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Moment as boundary FEA structuralBoundaryLoad partial differential equation toolbox

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Hello everybody. I found that there is no options for add momentum loads in structural analysis using structuralBoundaryLoad in the partial differential equation toolbox, there are just pressure, surface traction and force. For instance, I want to apply a moment in Z axis at the tip of a beam.
Is there something I missed or is this a serius limitation of the package.
Thank you!

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Ravi Kumar
Ravi Kumar il 19 Gen 2022
Modificato: Ravi Kumar il 19 Gen 2022
I am assuming you are asking about moment loads and not momentum loads. PDE Toolbox supports tet elements with displacement DoFs. There are no rotational DoFs, like beam elements, to apply moment load directly. However, you can use surface traction that is equivalent to the moment. Here is an example with a simple cylindrical beam.
model = createpde('structural','static-solid');
model.Geometry = multicylinder(0.1,1);
structuralProperties(model,'Cell',1,'YoungsModulus',200e9 * 0.0254^2,'PoissonsRatio',0.3);
%% Boundary conditions. Clamp one extreme.
%% Surface traction to create a bending moment at the end
bendingMoment = 1;
forcing_function = @(region,state) momentForcingFunction(region,state,bendingMoment);
structuralBoundaryLoad (model,'Face',3,'SurfaceTraction',forcing_function);
%% Create mesh
% Plot the mesh
%% Solve
R = solve(model);
%% Output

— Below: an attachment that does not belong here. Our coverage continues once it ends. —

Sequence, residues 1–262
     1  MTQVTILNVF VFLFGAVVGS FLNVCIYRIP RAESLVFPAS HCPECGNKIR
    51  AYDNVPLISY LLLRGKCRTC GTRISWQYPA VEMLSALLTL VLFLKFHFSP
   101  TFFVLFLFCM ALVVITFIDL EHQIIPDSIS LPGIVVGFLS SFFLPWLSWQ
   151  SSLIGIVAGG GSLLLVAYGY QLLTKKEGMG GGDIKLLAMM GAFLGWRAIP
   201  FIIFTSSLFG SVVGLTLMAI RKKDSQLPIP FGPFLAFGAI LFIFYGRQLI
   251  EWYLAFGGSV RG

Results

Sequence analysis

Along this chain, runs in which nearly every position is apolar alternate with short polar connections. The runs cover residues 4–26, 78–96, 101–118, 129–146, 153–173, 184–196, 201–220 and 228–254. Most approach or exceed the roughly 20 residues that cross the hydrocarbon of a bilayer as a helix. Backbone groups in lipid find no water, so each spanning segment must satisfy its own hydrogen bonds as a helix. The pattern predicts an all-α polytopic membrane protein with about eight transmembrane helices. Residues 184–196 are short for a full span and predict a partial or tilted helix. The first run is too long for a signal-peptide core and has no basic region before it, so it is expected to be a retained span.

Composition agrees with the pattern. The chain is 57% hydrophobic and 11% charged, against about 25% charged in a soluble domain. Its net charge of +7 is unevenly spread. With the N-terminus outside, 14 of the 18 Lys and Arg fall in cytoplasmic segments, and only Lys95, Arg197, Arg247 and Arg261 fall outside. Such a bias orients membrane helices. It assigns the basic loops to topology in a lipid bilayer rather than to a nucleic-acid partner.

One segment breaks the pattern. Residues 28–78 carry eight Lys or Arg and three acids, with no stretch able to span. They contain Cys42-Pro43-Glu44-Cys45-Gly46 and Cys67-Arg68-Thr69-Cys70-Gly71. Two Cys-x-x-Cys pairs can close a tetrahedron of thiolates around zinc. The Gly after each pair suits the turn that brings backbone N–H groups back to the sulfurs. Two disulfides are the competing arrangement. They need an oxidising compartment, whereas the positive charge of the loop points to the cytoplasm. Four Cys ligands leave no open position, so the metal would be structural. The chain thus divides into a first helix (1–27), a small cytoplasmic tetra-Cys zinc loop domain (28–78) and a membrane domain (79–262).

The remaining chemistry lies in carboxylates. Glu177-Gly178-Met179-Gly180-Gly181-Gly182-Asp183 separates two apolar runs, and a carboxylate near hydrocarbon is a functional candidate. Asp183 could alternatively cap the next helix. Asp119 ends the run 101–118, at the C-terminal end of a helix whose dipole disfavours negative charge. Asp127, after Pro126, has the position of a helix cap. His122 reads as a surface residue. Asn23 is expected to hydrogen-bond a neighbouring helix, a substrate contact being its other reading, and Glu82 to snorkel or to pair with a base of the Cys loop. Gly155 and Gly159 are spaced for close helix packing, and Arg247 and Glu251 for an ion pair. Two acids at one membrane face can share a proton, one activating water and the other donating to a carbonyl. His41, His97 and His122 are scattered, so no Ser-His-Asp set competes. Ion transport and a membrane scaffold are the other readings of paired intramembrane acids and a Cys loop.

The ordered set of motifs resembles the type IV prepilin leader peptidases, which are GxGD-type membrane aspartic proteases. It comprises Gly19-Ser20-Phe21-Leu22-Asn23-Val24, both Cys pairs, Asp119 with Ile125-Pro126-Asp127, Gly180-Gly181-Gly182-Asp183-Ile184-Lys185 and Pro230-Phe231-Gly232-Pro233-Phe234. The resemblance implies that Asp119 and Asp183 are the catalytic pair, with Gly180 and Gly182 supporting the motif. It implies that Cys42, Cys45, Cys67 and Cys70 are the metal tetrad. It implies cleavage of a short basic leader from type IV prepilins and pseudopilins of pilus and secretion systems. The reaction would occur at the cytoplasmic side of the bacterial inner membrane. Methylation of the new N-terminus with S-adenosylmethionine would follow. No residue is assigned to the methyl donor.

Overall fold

% Displacement
%% Define a function to provide its handle as input to SurfaceTraction
function sf = momentForcingFunction(region,~,M)
% the structure "region" refers to the spatial coordinates to define a
% nonuniform surface traction. the second argument (not used here) would be
% necessary for time-varying loads.
% Bending moment
%M = 1; %
% Diameter
d = 0.2;
% y-coordinate
y = region.y;
% A normal (z-direction) surface traction that varies linearly with y
% represents the effect of a bending moment
sf = [zeros(size(region.x));
- 64 * M * y / (pi * d^4)];
  2 Commenti
jose daniel hoyos giraldo
jose daniel hoyos giraldo il 20 Mar 2022
Hello. Thanks for sharing this solution. Would you mind explain a little further the way you modeled the moment? and the equation - 64 * M * y / (pi * d^4)]; and its equivalent in terms of total moment applied.
jose daniel hoyos giraldo
jose daniel hoyos giraldo il 10 Apr 2022
@Ravi Kumar Hello. Would you mind giving me a further explanation, please?
I'm trying to apply a twisting moment to an H beam fixed at root.
Thank you!

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